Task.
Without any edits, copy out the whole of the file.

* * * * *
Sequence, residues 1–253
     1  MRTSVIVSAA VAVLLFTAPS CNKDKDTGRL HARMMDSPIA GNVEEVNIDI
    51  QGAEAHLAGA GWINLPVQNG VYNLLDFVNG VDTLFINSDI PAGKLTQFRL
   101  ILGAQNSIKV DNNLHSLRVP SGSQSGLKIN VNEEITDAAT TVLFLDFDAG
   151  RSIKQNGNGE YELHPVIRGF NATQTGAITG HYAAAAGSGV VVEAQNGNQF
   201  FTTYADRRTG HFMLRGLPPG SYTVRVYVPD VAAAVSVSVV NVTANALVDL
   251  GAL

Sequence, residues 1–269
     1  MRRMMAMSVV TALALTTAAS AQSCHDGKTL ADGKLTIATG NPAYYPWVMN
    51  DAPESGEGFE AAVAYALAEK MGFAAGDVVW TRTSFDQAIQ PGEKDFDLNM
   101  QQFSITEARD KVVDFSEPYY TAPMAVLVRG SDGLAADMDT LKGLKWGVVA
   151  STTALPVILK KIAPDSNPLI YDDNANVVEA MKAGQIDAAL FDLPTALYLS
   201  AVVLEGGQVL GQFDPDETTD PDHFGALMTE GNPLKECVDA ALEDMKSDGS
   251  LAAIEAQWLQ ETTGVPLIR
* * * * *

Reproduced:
Sequence, residues 1–253
     1  MRTSVIVSAA VAVLLFTAPS CNKDKDTGRL HARMMDSPIA GNVEEVNIDI
    51  QGAEAHLAGA GWINLPVQNG VYNLLDFVNG VDTLFINSDI PAGKLTQFRL
   101  ILGAQNSIKV DNNLHSLRVP SGSQSGLKIN VNEEITDAAT TVLFLDFDAG
   151  RSIKQNGNGE YELHPVIRGF NATQTGAITG HYAAAAGSGV VVEAQNGNQF
   201  FTTYADRRTG HFMLRGLPPG SYTVRVYVPD VAAAVSVSVV NVTANALVDL
   251  GAL

Sequence, residues 1–269
     1  MRRMMAMSVV TALALTTAAS AQSCHDGKTL ADGKLTIATG NPAYYPWVMN
    51  DAPESGEGFE AAVAYALAEK MGFAAGDVVW TRTSFDQAIQ PGEKDFDLNM
   101  QQFSITEARD KVVDFSEPYY TAPMAVLVRG SDGLAADMDT LKGLKWGVVA
   151  STTALPVILK KIAPDSNPLI YDDNANVVEA MKAGQIDAAL FDLPTALYLS
   201  AVVLEGGQVL GQFDPDETTD PDHFGALMTE GNPLKECVDA ALEDMKSDGS
   251  LAAIEAQWLQ ETTGVPLIR